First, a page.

Vancouver, BC, is the most expensive housing market in North America, but, as James Surowiecki reports in the New Yorker, this has little to do with the local economy and everything to do with the globalization of real estate:

“A torrent of capital from wealthy people in emerging markets - from China, above all, but also from Latin America, Russia, and the Middle East - has flowed into the real-estate markets of big cities in other countries, driving up prices and causing a luxury-construction boom. A recent report by Sotheby’s International Realty Canada examined more than twelve hundred luxury-home sales in Vancouver in the first half of 2013 and found that foreign buyers accounted for nearly half of sales. In Miami, a huge influx of money from Latin America has enabled the city’s housing market to recover from the bursting of the housing bubble, and has set off a condo-construction spree. Australia has become a prime market for Chinese investors, who Credit Suisse estimates will buy forty-four billion dollars’ worth of real estate there in the next seven years.”

Investment goes to what some researchers have called “superstar cities,” but Vancouver is different: “It’s not home to a major industry—as New York and London are to finance, or San Francisco to tech—and it doesn’t have the cultural cachet of Paris or Milan. Instead, Vancouver’s appeal consists of comfort and security, making it what Andy Yan calls a ‘hedge city.’” An Oxford study revealed “a tight correlation between London house prices and turmoil in southern and Eastern Europe. The real-estate boom in Miami has been magnified by political unrest in Venezuela. And Vancouver, which has a large Chinese population, easy access to the Pacific Rim, and nice weather, has become a magnet for Chinese investors looking for insurance against uncertainty.”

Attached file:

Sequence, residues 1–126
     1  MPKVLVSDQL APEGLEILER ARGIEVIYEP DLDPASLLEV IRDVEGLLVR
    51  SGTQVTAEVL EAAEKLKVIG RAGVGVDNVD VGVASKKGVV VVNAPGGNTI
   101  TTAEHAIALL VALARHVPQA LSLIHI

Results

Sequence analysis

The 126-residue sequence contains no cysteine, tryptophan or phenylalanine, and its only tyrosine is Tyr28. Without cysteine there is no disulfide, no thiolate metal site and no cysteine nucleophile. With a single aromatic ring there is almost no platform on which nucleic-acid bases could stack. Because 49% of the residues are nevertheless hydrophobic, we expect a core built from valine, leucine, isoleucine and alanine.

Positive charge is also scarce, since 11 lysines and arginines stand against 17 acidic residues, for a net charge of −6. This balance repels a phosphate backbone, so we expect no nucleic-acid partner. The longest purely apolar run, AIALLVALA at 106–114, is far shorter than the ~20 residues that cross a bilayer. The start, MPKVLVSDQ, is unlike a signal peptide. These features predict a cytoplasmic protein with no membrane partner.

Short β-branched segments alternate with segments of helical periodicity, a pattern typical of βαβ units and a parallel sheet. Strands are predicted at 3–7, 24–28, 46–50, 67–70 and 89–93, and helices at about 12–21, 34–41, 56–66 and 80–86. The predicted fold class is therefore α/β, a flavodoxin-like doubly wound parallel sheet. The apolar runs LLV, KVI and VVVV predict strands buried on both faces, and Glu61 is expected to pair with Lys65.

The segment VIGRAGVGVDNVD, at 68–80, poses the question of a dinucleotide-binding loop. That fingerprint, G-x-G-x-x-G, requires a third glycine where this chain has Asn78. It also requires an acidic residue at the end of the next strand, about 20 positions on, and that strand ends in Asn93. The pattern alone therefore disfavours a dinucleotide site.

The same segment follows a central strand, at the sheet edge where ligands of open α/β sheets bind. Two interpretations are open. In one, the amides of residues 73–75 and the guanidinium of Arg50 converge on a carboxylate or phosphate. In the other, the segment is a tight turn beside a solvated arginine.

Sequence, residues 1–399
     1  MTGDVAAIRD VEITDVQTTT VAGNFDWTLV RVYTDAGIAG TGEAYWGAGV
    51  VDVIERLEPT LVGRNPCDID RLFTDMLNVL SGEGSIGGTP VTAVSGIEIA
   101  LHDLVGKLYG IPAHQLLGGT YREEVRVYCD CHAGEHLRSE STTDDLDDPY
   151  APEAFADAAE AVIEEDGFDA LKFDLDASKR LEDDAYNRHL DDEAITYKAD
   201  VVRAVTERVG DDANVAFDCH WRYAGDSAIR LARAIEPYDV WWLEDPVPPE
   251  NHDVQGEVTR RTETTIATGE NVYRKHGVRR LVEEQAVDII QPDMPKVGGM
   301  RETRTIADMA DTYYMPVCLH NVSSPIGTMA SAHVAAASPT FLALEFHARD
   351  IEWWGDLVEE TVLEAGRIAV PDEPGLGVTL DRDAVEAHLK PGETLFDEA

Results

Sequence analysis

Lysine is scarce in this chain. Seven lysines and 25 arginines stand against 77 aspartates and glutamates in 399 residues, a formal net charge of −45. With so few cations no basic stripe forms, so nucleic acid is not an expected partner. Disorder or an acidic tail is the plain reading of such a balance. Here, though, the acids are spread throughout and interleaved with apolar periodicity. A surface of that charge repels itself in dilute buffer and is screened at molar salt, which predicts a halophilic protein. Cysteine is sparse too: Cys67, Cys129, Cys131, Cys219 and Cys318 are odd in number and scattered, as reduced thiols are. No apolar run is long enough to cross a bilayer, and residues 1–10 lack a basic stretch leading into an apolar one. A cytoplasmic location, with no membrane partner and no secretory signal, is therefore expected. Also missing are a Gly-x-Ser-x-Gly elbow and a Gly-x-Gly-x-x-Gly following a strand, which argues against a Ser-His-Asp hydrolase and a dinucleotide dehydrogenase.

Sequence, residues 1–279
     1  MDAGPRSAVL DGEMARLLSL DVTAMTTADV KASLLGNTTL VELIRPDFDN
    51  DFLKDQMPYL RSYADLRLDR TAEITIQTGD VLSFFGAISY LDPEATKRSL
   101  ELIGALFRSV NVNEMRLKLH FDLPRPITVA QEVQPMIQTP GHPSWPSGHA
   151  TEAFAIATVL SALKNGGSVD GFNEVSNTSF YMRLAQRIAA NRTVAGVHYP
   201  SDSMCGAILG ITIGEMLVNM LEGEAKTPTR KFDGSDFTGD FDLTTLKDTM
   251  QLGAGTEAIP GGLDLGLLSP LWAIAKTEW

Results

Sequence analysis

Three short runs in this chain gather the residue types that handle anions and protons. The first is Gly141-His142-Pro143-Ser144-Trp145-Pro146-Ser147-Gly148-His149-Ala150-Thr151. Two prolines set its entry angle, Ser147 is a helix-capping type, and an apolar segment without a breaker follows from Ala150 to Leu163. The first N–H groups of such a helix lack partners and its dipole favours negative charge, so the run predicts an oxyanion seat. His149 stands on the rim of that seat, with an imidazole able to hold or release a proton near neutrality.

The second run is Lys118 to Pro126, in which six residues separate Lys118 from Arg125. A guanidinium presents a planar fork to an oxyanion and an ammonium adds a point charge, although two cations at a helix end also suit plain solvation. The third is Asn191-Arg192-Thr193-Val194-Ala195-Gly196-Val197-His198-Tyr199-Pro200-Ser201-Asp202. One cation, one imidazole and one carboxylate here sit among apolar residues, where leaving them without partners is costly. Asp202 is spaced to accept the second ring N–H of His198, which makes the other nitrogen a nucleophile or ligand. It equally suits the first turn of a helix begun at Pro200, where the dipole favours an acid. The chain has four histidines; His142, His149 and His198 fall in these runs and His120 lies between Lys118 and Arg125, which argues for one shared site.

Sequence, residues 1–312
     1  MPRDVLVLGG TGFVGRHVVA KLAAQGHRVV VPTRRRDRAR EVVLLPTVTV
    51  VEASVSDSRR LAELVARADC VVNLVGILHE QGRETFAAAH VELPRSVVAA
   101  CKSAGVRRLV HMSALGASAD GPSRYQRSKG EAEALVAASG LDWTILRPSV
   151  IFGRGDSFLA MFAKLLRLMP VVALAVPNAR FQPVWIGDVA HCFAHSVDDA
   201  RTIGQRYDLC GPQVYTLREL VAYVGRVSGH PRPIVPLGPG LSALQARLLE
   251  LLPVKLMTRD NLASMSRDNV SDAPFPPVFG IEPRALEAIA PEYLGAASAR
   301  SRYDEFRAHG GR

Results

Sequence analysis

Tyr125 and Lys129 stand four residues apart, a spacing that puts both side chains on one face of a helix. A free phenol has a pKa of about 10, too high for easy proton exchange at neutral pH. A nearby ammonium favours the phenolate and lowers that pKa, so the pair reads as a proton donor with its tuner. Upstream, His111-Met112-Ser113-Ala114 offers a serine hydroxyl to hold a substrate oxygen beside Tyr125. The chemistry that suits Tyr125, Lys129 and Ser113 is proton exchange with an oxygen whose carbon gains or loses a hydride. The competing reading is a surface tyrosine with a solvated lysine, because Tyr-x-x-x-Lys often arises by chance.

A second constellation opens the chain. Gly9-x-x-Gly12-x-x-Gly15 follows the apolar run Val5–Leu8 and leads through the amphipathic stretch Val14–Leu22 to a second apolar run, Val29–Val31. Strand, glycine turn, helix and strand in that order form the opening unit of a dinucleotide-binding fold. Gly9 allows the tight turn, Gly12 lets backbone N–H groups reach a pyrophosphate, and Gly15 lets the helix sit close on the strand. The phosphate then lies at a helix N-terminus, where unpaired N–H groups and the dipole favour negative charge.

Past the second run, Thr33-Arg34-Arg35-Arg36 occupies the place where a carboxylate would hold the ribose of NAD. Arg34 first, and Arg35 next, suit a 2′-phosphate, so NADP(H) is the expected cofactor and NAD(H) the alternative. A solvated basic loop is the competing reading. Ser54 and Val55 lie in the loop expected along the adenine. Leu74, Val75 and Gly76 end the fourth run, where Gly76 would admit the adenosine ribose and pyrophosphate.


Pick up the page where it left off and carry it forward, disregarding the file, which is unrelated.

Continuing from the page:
This globalization of real estate upsets “some of our basic assumptions about housing prices. We expect them to reflect local fundamentals—above all, how much people earn. In a truly global market, that may not be the case. If there are enough rich people in China who want property in Vancouver, prices can float out of reach of the people who actually live and work there.” And that has a major effect on residents of hedge cities like Vancouver: Foreign investment is “great for existing homeowners, who see the value of their homes rise, and for the city’s tax revenues. But it also makes owning a home impossible for much of the city’s population.”

Articles by Peter J. Leithart

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